Judge Grants Extension for Emanuel Families to Respond to Government’s Motion to Dismiss



(ABC Columbia/FILE) Mother Emanuel AME church massacre

CHARLESTON, S.C. (WCIV) — Attorneys representing the families of the Emanuel AME Church shooting victims have been given more than two extra months to prepare a response to the U.S. government’s motion to dismiss the case against it.

Court documents show attorneys Gedney Howe and Andy Savage now have until Jan. 27, 2017 to respond to the motion to dismiss. Savage is currently defending Michael Slager, the former North Charleston police officer accused of murder in the shooting death of Walter Scott. That case is in its fourth week and expected to go for at least another week after Thanksgiving.

The original date for response was Oct. 31.

The government argues the lawsuit lacks “subject matter jurisdiction” and does not make a claim on which relief can be granted by the court.

The families of the victims and survivors filed separate lawsuits in July and August, naming the U.S. government as a defendant in the negligence lawsuit because they say the federal database in place to prevent some people from making gun purchases failed.

If the agency had done its job, Roof’s prior drug arrest would have shown up, and the bureau would have denied his purchase, the lawsuits filed this summer allege.

The lawsuits seek unspecified actual and compensatory damages.

Attorney Andy Savage said in July that since the shooting the survivors and victims have watched repeated failures in the screening process lead to a system that forces states to find workarounds to protect their citizens from a “deficient federal system.”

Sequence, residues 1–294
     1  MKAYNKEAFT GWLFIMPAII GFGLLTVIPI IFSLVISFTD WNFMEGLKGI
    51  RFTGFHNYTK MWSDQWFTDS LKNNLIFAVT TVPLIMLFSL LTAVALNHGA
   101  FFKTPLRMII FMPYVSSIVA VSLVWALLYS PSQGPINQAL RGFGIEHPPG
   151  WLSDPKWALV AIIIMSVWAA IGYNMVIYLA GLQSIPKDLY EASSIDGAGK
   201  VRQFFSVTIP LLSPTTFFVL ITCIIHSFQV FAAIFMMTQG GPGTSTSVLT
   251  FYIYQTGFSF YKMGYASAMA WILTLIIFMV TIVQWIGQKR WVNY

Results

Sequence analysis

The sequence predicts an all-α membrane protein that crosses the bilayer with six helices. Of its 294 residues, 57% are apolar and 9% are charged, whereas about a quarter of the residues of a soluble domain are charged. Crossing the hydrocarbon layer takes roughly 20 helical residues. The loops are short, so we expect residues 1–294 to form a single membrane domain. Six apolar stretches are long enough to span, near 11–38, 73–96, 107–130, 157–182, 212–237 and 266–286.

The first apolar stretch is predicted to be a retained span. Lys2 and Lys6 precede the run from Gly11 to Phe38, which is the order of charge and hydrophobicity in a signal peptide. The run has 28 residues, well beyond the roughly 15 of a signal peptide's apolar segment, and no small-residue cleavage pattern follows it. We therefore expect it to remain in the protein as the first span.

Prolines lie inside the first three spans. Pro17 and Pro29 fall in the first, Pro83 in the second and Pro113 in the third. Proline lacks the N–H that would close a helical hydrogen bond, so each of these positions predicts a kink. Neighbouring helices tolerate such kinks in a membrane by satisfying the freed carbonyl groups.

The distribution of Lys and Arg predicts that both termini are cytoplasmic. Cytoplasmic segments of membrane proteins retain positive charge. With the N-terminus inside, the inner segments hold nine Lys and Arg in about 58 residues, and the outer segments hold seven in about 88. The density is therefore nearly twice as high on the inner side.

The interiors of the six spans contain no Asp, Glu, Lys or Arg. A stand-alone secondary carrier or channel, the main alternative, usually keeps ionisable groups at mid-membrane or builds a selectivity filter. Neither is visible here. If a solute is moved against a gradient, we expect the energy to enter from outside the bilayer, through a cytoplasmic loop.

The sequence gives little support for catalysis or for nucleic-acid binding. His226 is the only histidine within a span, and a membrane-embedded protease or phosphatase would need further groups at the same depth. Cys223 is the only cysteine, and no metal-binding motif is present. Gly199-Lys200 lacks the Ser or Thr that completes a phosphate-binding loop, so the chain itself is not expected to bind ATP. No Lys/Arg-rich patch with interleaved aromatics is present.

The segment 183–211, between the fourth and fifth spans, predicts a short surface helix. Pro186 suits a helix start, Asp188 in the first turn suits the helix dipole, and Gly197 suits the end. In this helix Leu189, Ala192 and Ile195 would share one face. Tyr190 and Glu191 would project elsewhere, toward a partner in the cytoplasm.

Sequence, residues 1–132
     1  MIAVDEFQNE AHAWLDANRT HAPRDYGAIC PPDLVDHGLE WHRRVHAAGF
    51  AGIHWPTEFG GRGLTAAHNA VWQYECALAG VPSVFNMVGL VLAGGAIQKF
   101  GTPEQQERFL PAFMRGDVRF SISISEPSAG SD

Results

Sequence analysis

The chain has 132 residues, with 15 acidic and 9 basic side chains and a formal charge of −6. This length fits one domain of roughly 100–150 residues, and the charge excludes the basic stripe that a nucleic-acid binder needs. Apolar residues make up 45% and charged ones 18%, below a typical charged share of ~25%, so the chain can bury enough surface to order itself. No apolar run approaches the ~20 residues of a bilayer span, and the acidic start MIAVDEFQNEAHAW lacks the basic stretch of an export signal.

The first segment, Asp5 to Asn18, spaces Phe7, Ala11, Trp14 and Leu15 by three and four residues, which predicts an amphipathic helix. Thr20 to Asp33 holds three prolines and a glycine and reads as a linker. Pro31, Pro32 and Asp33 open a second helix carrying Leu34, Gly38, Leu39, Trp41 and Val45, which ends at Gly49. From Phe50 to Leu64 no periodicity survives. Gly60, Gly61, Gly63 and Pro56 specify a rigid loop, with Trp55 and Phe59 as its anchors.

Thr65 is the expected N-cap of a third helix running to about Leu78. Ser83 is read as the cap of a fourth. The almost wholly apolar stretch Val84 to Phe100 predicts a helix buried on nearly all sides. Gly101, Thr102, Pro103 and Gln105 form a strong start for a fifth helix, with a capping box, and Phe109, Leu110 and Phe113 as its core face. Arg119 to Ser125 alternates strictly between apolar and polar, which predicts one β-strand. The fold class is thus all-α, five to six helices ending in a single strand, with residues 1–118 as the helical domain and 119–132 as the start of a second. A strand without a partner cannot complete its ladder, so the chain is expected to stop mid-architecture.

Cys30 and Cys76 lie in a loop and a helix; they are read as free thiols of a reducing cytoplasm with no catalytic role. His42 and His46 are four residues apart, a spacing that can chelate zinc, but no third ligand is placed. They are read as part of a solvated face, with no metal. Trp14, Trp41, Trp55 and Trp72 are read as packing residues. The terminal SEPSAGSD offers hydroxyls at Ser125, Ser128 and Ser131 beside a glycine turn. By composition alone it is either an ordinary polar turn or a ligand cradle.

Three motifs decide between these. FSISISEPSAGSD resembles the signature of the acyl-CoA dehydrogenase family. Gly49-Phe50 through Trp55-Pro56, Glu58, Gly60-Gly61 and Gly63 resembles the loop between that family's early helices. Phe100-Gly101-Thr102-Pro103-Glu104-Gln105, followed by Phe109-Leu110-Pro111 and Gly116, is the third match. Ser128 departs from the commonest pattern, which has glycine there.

FBI Director James Comey has said Roof shouldn’t have been able to buy the gun and promised a full review. In a statement issued in July of 2015, Comey said the check by the National Instant Criminal Background Check System followed protocols.

He also said he believes the store where the gun was purchased was within the law when they sold Roof the gun.

Lexington County Sheriff Jay Koon told the AP that a jail clerk entered incorrect information for Roof’s February 2015 drug arrest, and that while the mistake was noticed within days, it wasn’t fixed in a state database.

So when Roof sought to buy the gun two months later, an FBI examiner spotted the arrest, but called the wrong agency to get his record. Without the necessary documents, the purchase had to go through.

Congress has limited federal background checks to three days, although states can extend this window.

South Carolina legislators filed a number of bills to increase the window after the shootings, but none advanced.

Roof faces the death penalty in state and federal courts for the shooting at Emanuel AME that left nine people dead.

His federal trial has been delayed by weeks as the judge presiding over the case listens to arguments in a competency hearing. His state trial is expected to start sometime after the New Year.

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